"I think I felt something in your breast last night."
I was undressing Meg, getting her ready for her shots, when Ryan said those words to me last Friday. It was the doctor's office that made him think of it, he had wanted to mention it to me the night before, but we had fallen asleep too quickly. We were already stressed (taking a baby for shots will do that to you), and now the room was super charged with anxiety.
"What do you mean? Which breast? How big?" I handed him the baby, and reached into my shirt, hoping the nurse wouldn't pick that moment to reappear. I put my hand behind my head, like I had seen on the charts in my gynecologist's office, slowly palpating the tissue. Ryan came over to guide my hand, showing me exactly where it was. Meg, thinking we were playing a game, reached out too. Pretty soon, the entire family was copping a feel, and I was almost positive the nurse would forget to knock first before coming in.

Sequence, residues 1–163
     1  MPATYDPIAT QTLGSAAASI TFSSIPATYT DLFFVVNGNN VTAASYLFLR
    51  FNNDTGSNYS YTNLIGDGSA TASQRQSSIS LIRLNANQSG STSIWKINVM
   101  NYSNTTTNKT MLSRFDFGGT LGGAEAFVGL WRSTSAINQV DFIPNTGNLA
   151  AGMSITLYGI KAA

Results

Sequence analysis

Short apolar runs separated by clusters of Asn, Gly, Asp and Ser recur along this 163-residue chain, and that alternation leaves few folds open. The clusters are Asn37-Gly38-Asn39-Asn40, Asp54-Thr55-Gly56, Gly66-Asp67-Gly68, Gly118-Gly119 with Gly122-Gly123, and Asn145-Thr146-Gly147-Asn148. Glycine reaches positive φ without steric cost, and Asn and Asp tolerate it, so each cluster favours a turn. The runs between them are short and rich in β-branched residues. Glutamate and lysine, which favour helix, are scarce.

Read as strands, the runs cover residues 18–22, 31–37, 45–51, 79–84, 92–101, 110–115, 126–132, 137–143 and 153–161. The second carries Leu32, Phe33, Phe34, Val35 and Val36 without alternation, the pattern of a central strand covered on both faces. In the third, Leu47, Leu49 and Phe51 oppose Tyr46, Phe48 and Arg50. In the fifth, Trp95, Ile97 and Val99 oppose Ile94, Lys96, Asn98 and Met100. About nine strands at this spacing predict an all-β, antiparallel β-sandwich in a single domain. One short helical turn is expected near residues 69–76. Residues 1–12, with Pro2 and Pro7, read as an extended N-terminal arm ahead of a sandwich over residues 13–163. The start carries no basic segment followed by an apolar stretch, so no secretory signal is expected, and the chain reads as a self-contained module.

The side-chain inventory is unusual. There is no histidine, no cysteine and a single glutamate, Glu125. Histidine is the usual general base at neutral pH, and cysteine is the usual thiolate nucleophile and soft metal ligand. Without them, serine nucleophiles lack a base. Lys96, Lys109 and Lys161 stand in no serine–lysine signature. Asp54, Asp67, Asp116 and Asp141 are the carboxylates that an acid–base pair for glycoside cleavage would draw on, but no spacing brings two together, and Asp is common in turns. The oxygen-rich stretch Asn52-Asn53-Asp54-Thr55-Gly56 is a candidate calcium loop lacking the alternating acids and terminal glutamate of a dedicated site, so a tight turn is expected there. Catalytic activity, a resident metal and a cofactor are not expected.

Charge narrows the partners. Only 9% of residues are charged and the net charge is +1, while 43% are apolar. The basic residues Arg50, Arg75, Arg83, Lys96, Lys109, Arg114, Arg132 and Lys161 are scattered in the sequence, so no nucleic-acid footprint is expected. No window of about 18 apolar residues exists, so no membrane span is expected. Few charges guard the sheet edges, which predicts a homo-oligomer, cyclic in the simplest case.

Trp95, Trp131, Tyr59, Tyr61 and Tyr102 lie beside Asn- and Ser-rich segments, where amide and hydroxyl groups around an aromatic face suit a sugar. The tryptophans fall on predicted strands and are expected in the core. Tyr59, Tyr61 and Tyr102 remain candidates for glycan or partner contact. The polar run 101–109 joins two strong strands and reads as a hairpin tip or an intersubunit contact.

We couldn't feel anything. It wasn't until that night that we figured out it was a vein that occasion gets a little bulgy, but for several hours, I was in a complete panic. What if I has cancer? What would I do? What doctor would I see? What would my insurance cover? Who would take care of the baby? How would I know what treatment options were best? I felt like I was just told I possibly would have to go to Asia, without knowing where the hell Asia is, or what I would need for the journey.
And that's when I remembered about Navigating Cancer. My bloggy friend Snotty had just told me about it, and asked me to write something for it. I said no, I had no cancer experience, and the only thing I could write about was how much I hate awareness ribbons. Now, I found myself poring over the site, looking at all of the information, and feeling a bit calmer. This is an amazing resource, not just for cancer patients, but for family members as well. Really, I don't know why, in this day and age, someone hasn't thought of something like this before.
So, I am writing about this. First of all, because I am just so glad I am not going to an oncologist this week, waiting to hear if I have something deadly in my breast. Second, because I know people who have, and I know how they could have used a site like this. And third, because now the power of Snotty scares me. If you, or a loved one has cancer, check out Navigating Cancer.
Actually, check it out anyway. If nothing else, it will comfort you knowing that it's there.
It did me.